Sharon Davis, as Monica Roberts defends on her blog page, TransGriot, was the first Black trans person to publish a book on a Black trans person’s medical transition. Davis’ book, A Finer Specimen of Womanhood: A Transsexual Speaks Out, was published in 1986. “The aim of my story is to provide courage and offer hope to those human beings caught in bodies their souls cannot accommodate,” Davis explained. Unfortunately, Davis’ book is very hard to obtain because it is no longer being printed. In fact, the only place we could find it was on Amazon for $125. Luckily, the next best thing by which to catch a glimpse of Davis’ story is by reading an article on Davis in Jet magazine’s issue dated October 10, 1983. Let us #NeverForget pioneer, Sharon Davis, for being the first trans person of color to share her transition story.
Kylar W. Broadus, a nationally renowned activist, writer, lawyer, professor and public speaker, was working in corporate America in the 1990s but was fired after coming out as trans. That experience ignited his passion to fight for laws that protect others from this experience. As a lawyer, Broadus has focused on LGBTQ law and specifically transgender rights. He has worked as Operations Officer at the Transgender Legal Defense and Education Fund, Director of the Transgender Civil Rights Project, Senior Counsel at the National LGBTQ Task Force, and Counsel at the Human Rights Campaign. In 2010, Broadus founded the Trans People of Color Coalition – the only national organization dedicated to the civil rights of transgender people of color – where he currently serves as Director. Broadus has also taught workplace discrimination at Lincoln University and he has conducted many trainings and continuing legal education programs. In addition, Broadus has helped draft legislation and was the first openly transgender person to testify before the United States Senate in support of the Employment Non-Discrimination Act (ENDA). He has served on several boards, task forces and commissions. Not surprisingly, Broadus has received numerous awards for his work and has been recognized in countless publications. Let us #NeverForget the contributions of Kylar W. Broadus and the many ways he has fought for our community.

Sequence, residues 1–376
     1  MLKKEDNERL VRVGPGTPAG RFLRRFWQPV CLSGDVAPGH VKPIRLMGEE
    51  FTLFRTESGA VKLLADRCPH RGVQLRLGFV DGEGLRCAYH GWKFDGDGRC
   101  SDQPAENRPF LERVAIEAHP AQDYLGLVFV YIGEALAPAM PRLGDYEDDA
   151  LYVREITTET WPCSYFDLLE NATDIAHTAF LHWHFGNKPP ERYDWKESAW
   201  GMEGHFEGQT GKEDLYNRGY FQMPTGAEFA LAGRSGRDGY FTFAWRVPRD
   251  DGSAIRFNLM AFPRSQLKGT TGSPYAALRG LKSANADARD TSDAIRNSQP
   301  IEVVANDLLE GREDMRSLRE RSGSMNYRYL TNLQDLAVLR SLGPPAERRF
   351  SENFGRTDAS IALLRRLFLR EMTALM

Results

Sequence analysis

Georgia Black was born in 1906 and was a wife, mother and beloved citizen of Sanford, FL. There she ran a boarding house, did domestic work and acted as a caregiver for many of the wealthy families in Sanford. She was a devout church-going woman and leader of the local Women’s Missionary Society. Black was married twice and, after the passing of both of her husbands, she reportedly had several boyfriends. With her first husband, she adopted and raised a child that had been abandoned.
In June 1951, Black passed away. During the subsequent autopsy, the medical examiner discovered thatBlack had male genitalia. As you probably guessed, the doctor disclosed his findings and, then, a criminal investigation into Black was launched. Not surprisingly, no evidence of criminal activity was found and the investigation was closed. Georgia’s story made front page news in the Sanford Herald but the Herald ceased
publishing the story after a local pastor complained about it. Interestingly enough, the pastor wasn’t the only one upset about Black’s posthumous treatment. People from Sanford were apparently irate and spoke up against the outing. Even one wealthy person that Black worked for defiantly declared, “I don’t care what Georgia Black was. She nursed members of our family through birth, sickness and death. She was one of the best citizens in town.” Ebony Magazine further reported that when Black died, the sidewalks of the town that once barred Jackie Robinson from its stadium were lined with black and white mourners who were rubbing elbows, bowing heads and shedding genuine tears. Let us #NeverForget Georgia Black, how she was so cherished by her community and how she united her community in her death.
- Black on Both Sides: A Racial History of Trans Identity by C. Riley Snorton